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Gamma globulin vaccination
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Gamma globulin vaccination

I donated blood at Carter Blood Bank several weeks ago.  I received a letter stating I tested positive for hepatitis C although have had very little risk of exposure to this virus.  After running three different types of tests (including RIBA), Carter determined I could not donate blood to others, but could keep a bank for myself for autologous donations.  They asked that I return no sooner than six months after my blood donation for further testing at no charge to myself, which I plan to do.  

I have worked for a large group of doctors for 26 years.  In the 1980's we were all exposed to hepatitis C by one of our coworkers through food products at a pot-luck luncheon.  One of our doctors asked that we get the gamma globulin vaccination to be safe.  I had forgotten about this incident until I received the letter.  Please be aware that the gamma globulin in the "old days" was not the safest vaccination and I probably am hepatitis C positive because of this.  I am not concerned, just frustrated by the fact that I cannot donate blood to those who need it.  

I welcome any comments concerning this by others.  


This discussion is related to Another question re. gamma globulin.
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Avatar_f_tn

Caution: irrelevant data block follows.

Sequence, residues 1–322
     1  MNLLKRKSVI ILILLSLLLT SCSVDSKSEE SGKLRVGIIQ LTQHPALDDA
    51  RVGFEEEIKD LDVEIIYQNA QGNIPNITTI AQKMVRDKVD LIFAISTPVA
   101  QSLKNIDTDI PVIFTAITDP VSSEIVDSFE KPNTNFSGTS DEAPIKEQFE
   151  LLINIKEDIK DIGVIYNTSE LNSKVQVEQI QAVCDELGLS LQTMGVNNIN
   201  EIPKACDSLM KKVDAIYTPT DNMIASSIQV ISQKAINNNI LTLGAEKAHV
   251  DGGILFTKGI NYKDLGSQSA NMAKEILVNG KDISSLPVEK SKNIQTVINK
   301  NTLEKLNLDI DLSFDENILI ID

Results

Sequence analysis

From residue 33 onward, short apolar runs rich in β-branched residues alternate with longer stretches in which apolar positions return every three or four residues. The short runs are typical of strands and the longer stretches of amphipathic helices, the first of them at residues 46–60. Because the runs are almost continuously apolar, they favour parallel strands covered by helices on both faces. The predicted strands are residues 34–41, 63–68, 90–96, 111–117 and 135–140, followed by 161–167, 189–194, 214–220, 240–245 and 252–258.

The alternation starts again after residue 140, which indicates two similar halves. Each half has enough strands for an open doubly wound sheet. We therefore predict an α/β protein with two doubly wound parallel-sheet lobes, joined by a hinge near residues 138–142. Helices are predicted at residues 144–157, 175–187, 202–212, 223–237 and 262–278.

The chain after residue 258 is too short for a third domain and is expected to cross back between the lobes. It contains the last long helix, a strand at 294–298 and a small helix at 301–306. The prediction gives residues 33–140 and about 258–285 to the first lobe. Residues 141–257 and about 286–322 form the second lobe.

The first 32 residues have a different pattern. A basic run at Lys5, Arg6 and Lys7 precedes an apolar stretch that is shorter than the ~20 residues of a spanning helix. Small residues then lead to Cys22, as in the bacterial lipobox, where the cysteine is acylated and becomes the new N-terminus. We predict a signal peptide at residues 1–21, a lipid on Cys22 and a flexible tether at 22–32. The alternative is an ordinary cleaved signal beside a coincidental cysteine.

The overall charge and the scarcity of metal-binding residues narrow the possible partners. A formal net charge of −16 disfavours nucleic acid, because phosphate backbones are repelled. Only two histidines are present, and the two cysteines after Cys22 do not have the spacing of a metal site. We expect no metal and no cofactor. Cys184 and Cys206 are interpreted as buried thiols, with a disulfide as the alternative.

"I have worked for a large group of doctors for 26 years.  In the 1980's we were all exposed to hepatitis C by one of our coworkers through food products at a pot-luck luncheon"

You were not exposed to hepc through food. That is an incorrect statement and the doctor who suggested the gamma globulin vaccination certainly did not know what he was talking about.  Hepc is ONLY transmitted through blood to blood contact.  It MUST enter the bloodstream, otherwise no transmission. You can digest blood infected with hepc all day long and not become infected.  You can rub it on your skin (less any cuts or abrasions) and it is not absorbed through the skin.

What is sad is you received a gamma globulin vaccination needlessly because of a doctor's ignorance and that may very well have been your source of exposure.  

Trinity

Trinity
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There is no vaccination for Hep c. I wonder what kind of shot it was that they gave you in reality. Trinity is right in all that she says.

It does explain why there is such a high percentage of infected people that have no idea where they got it. Who would think they were getting infected by the very people who are supposed to be taking care of their health?

Very sad!
Diane
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Avatar_f_tn
Hi Tooter,

Do you know whether you have HCV or just test positive for the antibodies?

You need a HCV RNA  test to confirm virus but even if you don't have HCV, you can't donate blood. About 20-25 % clear the virus on their own.

A couple of us here (myself and Greatbird) who have few other  risk factors have mentioned the gamma globulin shots we received long ago as possible vectors of transmission. That is my hepa's most plausible suggested scenario to explain my HCV.

GG was mostly (and still is, though is now screened for HCV) used on patients who have been exposed to hepatitis A (food/poop) or measles.

I was given two gamma globulin shots, one when I had a nasty case of the measles that affected my eyes and later when I got amoebic dysentery in my teens.